How to Potty Train and Maintain Your Routine

When you start potty training, you might wonder how to still have your toddler take naps and play independently. This post outlines how. 

Girl sitting on the potty

As many parents begin the potty training process, they come to realize that certain things in the daily routine are quite difficult while potty training.

I think the biggest concern is over independent playtime (room time). The second biggest concern would be nap time.

This post outlines several options for making this potty training process easier on everyone while being able to maintain your routine. This post is in no way exhaustive. By that, I mean that this post has some ideas for you, but there are surely other ideas out there.

These ideas may or may not work for you. Take these ideas and modify them for your family and your situation. These ideas can get your imagination rolling and help you think of a great solution for your child.


Potty training can really mess up sleep. Your cute little toddler might ask to go potty over and over (and over) again during nap time and end up not sleeping at all. She might ask to go potty 20 times after you put her to bed. This can get exhausting for everyone.

A great way to preserve naps or night sleep for your child while potty training is to simply use diapers during nap or bedtime. I did this with my kids when first potty training. You can put your child in diapers or pull-ups for sleeping.

Read: Potty Training Using the “Oh Crap!” Method

A child can be daytime trained before nighttime/sleeping trained. Remember to think of potty training as a learning process, not a learning event–just like learning to walk. It doesn’t all have to happen at once.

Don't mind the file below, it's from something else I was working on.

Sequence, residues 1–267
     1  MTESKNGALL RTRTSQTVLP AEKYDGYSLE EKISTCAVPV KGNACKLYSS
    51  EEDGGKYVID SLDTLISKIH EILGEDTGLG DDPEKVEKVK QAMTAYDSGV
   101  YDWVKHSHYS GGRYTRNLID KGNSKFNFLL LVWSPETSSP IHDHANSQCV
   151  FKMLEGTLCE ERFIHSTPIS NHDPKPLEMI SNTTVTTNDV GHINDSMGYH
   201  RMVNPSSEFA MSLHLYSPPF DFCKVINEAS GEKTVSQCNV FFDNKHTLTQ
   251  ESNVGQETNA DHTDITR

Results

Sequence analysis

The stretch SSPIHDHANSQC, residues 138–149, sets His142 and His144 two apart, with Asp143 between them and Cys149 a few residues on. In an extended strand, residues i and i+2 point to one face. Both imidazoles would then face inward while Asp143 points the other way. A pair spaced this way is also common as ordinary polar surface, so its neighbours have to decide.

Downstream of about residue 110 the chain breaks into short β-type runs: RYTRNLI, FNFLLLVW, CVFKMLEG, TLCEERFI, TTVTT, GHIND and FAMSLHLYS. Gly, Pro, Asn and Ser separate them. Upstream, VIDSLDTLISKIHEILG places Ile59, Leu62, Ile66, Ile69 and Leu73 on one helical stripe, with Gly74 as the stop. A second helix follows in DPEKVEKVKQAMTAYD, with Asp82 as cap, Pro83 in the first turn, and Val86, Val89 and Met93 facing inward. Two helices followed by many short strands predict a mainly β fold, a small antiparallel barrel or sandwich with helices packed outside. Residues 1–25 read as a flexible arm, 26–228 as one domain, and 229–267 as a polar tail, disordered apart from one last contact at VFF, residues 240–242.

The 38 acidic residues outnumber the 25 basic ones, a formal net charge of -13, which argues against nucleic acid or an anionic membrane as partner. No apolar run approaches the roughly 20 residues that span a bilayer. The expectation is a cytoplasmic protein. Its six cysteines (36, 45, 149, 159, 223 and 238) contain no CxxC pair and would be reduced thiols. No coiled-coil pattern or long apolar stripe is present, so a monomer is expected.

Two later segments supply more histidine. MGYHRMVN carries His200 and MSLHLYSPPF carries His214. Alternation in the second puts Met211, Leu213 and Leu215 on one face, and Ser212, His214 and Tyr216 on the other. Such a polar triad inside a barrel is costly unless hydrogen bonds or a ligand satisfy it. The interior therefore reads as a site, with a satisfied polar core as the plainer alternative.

As you get your child up and find the diaper clean and dry, you can switch him over to underwear. Brayden moved to underwear during naps within a week of starting potty training (age three), while Kaitlyn took a little over a month. I find the older the child is when potty training, the faster they tend to move out of diapers for sleep.

Kaitlyn sometimes woke from naps clean and dry, sometimes not. She never was consistent and I eventually just decided to give it a go. We had a few days with accidents and then no more accidents!

Another option is to use underwear or training pants in conjunction with the plastic cover like often used in cloth diapering.

Read: How to Stop Your Toddler from Pooping at Nap Time


When you are first potty training, you can take some time off of certain activities in your routine to make things easier.

I did this with Kaitlyn. Our first day of official potty training, we didn’t do independent playtime. We just spent the day together with her by my side (except for sleeping).

At first, I expected her to be able to hold it as long as Brayden. I didn’t consciously have that thought; I just realized after a couple of accidents that I was doing that. So I had her use the potty every thirty minutes. After a couple of days, she was able to hold it longer as she got used to not wearing a diaper.

We did spend the day together again for the next couple of days. After that, she was able to hold it longer and I was more aware of her individual potty needs and the times of day she really needed to use the potty to avoid accidents. We then went back to our normal routine.

How to potty train and maintain a routine


I like to use a small potty chair when potty training although we will also sit on a big potty randomly. I like the small potty chair because:

  1. We can take it with us on road trips/vacations (like camping).
  2. We can haul it around the house with us so the potty is never far away.
  3. The child can get off and on by themselves.

While my child is first learning to use the potty, I like to carry the potty chair with us around the house. I put it on a towel so drips and spills land on that and not the floor (this is a necessity with a boy and a nicety with a girl).

A lot of times when they are first learning, when they realize they need to use the potty, they need it immediately. That is why it is nice to have it close by at all times.